Whenever Kyenge led a political rally, however, those who opposed her chanted slurs and threw banana peels at the stage. Roberto Calderoli, a leader within the then-Northern League and a member of the European Parliament, was rightly attacked for comparing her to a primate. “Fair enough that she is a minister but perhaps she should be one in her own country,” he said at a Northern League political rally before the 2013 election. “At least I console myself when I am surfing the web and I see all the photos of the government. I like animals and when I look at Ms. Kyenge, I simply cannot help thinking of how she resembles an orangutan.” Meloni has never been as openly racist, but she has said of Kyenge, one of her few female colleagues in government, that she “represents foreigners, not Italians.” To deflect accusations of racism, in the 2018 election the League supported Toni Iwobi, a 62-year-old candidate who emigrated from Nigeria legally on a student visa in the 1980s and worked his way through the system to gain citizenship and start a successful tech company. The accusations of racism continued, but armed with Iwobi, the party now had a response. “How can we be racist, when we have a black candidate?” Salvini often asked.

Months of far-right dog whistling came to a head on Feb. 3 of this year, just weeks before the national election. Luca Traini, a 28-year-old former candidate for the League, wrapped an Italian flag around his neck and went out hunting African migrants in Macerata, a small town in central Italy, to avenge the death of an Italian woman who had escaped her drug rehab program and ended up dead and dismembered, allegedly at the hands of an African immigrant drug dealer. Traini randomly shot six African migrants—none fatally—before ending his spree in front of Macerata’s own fascist monument, where he got down on one knee and raised his arm in a fascist salute before turning himself over to police.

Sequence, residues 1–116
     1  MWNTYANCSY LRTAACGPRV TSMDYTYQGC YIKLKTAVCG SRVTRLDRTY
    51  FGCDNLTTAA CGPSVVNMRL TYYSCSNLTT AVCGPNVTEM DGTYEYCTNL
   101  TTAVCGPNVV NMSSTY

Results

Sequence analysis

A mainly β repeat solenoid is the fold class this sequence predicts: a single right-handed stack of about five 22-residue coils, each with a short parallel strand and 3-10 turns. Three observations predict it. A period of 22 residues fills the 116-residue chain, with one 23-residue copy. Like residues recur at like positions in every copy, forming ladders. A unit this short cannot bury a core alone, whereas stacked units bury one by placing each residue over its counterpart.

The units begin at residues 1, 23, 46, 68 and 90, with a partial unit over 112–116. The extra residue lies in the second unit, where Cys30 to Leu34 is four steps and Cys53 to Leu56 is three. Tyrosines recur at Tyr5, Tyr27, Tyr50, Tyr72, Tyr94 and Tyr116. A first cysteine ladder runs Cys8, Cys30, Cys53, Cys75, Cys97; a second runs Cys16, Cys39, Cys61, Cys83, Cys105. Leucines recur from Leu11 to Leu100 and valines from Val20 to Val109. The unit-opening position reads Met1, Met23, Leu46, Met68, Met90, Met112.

Traini’s shooting spree quickly became a focal point in the election. The left used it as an opportunity to warn against the resurgence of far-right parties. Anti-fascist and anti-racist marches were held across the country as a way to protest the growing popularity of the Meloni-Salvini-Berlusconi coalition. On the other side of the political divide, Meloni and her party faithful used the tragedy to underscore the perceived danger of uncontrolled migration and the “invasion” of “potential terrorists” into the country. To them, Traini, who had a dogeared copy of Mein Kampf in his house, was a hero who had been failed by the center-left state, forcing him to take matters of justice and personal safety into his own hands. Several far-right parties even paid his legal bills.

“Unfortunately it is a fact that illegal immigrants produce illegal immigrants,” Meloni said when she visited Macerata. “It is also a fact that ensuring the safety of Italians in the face of terrorism and the invasion of illegal immigrants should be a priority in this country, but instead this [center-left] Parliament has made it a priority to discuss fascism and racism that no longer exist today.” In the lead-up to Election Day, she went so far as to hold rallies in immigrant neighborhoods, reading foreign-sounding names on doors out loud to show that “Italians no longer live in this country.”